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    ABSTRACT: Abnormal execution of several movements in a sequence is a frequent finding in schizophrenia. Successful performance of such motor acts requires correct integration of cortico-subcortical processes, particularly those related to cerebellar functions. Abnormal connectivity between cortical and cerebellar regions with resulting cognitive dysmetria has been proposed as the core dysfunction behind many signs and symptoms of schizophrenia. The aim of the present study was to assess if these proposed abnormalities in connectivity are a unifying feature of schizophrenia, or, rather, reflect a specific symptom domain of a heterogeneous disease. We predicted that abnormal functional connectivity between the motor cortex and cerebellum would be linked with abnormal performance of movement sequencing. We examined 24 schizophrenia patients (SCH) and 24 age-, sex-, and handedness-matched healthy controls (HC) using fMRI during a modified finger-tapping task. The ability to perform movement sequencing was tested using the Neurological Evaluation Scale (NES). The subjects were categorized into two groups, with (SQ+) and without (SQ-) movement sequencing abnormalities, according to the NES-SQ score. The effects of diagnosis and movement sequencing abnormalities on the functional connectivity parameters between the motor cortex and cerebellum (MC-CRBL) and the supplementary motor cortex and cerebellum (SMA-CRBL) activated during the motor task were analyzed. We found no effect of diagnosis on the functional connectivity measures. There was, however, a significant effect on the SQ group: SQ + patients showed a lower level of MC-CRBL connectivity than SQ- patients and healthy controls. Moreover, the level of MC-CRBL and SMA-CRBL negatively correlated with the magnitude of NES-SQ abnormalities, but with no other NES domain. Abnormal cortico-cerebellar functional connectivity during the execution of a motor task is linked with movement sequencing abnormalities in schizophrenia, but not with the diagnosis of schizophrenia per se. It seems that specific patterns of inter-regional connectivity are linked with corresponding signs and symptoms of clinically heterogeneous conditions such as schizophrenia.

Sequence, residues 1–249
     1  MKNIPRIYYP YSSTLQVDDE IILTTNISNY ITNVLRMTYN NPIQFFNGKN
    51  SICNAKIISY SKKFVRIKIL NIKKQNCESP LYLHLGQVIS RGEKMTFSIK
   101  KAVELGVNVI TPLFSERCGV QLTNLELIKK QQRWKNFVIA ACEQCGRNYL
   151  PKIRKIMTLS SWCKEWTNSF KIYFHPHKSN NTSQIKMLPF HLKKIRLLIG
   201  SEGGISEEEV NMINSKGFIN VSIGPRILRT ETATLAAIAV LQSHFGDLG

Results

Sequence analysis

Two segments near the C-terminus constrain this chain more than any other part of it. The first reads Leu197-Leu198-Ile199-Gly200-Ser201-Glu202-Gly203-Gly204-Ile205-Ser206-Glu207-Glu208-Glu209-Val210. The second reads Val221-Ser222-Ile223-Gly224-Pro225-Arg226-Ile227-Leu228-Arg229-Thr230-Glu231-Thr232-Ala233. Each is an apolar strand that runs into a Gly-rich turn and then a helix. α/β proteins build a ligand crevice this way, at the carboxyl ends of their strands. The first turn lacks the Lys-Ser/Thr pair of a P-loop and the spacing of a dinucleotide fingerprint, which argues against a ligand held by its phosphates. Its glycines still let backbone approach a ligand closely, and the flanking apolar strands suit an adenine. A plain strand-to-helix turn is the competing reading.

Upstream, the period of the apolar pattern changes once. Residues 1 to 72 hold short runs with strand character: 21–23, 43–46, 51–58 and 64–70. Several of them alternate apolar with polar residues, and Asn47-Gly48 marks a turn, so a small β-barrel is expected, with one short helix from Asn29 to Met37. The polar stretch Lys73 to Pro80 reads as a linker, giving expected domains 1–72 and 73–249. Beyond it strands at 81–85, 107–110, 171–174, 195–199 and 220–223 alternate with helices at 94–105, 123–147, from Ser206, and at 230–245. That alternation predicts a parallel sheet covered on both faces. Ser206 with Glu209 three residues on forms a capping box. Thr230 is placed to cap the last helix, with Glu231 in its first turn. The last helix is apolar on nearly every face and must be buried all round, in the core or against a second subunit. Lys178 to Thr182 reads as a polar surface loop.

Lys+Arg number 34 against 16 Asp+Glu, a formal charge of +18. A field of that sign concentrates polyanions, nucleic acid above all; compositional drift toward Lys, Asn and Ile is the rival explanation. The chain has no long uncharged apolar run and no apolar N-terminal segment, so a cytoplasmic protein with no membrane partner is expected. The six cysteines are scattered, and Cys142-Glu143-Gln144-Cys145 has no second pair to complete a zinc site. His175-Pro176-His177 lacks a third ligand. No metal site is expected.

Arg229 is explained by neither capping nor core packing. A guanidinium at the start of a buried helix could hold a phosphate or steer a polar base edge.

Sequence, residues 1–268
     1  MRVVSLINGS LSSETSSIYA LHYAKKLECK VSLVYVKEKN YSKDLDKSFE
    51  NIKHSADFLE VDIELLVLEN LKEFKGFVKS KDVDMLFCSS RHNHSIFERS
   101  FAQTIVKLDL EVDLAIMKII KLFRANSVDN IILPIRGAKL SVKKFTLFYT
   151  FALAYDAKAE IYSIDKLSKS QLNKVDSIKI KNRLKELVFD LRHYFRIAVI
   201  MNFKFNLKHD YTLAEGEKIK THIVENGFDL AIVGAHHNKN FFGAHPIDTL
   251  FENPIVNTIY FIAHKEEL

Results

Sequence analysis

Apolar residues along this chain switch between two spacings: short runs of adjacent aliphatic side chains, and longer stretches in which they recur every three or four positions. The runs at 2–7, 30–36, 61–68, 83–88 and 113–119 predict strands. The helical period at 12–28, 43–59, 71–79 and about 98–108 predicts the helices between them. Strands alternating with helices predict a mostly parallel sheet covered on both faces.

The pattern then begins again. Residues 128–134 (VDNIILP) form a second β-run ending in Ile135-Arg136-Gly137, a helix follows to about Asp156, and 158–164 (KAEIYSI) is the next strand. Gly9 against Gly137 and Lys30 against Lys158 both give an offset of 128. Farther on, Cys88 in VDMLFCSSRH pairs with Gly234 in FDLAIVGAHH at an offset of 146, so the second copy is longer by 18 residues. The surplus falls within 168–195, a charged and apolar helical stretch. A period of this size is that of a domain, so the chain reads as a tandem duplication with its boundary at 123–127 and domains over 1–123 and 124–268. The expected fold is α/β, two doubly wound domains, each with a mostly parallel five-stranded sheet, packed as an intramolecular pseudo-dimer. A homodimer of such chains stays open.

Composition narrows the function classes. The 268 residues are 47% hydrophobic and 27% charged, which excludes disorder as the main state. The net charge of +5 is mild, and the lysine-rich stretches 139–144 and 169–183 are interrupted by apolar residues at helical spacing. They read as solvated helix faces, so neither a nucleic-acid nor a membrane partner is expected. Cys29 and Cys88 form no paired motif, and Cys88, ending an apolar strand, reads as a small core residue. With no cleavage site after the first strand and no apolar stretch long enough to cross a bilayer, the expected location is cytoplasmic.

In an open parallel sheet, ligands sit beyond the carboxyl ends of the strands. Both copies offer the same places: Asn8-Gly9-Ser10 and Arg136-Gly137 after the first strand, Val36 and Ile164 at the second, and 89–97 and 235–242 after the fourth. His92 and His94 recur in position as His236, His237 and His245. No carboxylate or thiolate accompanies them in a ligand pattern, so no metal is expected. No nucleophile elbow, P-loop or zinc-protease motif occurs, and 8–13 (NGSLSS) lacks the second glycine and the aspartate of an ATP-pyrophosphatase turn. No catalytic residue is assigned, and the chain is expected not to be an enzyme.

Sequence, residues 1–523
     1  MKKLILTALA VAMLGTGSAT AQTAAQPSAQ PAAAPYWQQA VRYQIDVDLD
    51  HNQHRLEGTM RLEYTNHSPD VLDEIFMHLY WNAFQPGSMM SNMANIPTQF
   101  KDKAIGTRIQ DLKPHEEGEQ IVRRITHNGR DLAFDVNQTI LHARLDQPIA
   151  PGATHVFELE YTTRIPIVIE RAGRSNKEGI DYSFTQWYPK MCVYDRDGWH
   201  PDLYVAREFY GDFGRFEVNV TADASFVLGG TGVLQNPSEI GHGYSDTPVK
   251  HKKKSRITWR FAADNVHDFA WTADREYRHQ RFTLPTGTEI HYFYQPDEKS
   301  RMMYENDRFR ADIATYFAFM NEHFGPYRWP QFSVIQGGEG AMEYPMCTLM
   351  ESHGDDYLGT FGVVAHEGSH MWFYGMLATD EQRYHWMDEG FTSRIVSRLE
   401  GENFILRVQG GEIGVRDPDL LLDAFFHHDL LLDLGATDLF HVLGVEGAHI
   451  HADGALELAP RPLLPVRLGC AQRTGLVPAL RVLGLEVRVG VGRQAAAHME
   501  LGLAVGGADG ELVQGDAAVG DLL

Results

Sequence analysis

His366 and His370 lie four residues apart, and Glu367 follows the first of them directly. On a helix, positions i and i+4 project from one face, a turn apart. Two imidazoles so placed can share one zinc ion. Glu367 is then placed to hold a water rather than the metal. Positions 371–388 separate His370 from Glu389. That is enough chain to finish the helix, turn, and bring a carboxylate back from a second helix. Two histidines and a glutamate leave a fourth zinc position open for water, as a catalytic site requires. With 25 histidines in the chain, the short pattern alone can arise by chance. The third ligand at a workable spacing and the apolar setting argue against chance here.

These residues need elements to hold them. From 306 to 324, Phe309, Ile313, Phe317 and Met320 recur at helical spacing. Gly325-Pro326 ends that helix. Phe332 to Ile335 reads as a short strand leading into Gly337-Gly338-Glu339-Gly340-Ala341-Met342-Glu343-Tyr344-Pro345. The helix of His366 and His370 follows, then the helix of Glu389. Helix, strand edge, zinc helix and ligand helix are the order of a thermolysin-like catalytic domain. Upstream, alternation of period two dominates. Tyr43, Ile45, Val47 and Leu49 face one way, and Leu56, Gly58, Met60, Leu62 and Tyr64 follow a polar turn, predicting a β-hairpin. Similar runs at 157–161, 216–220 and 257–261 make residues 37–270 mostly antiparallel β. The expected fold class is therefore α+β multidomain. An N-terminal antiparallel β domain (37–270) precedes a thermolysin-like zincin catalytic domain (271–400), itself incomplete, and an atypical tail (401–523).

Full-text · Article · Mar 2012 · BMC Psychiatry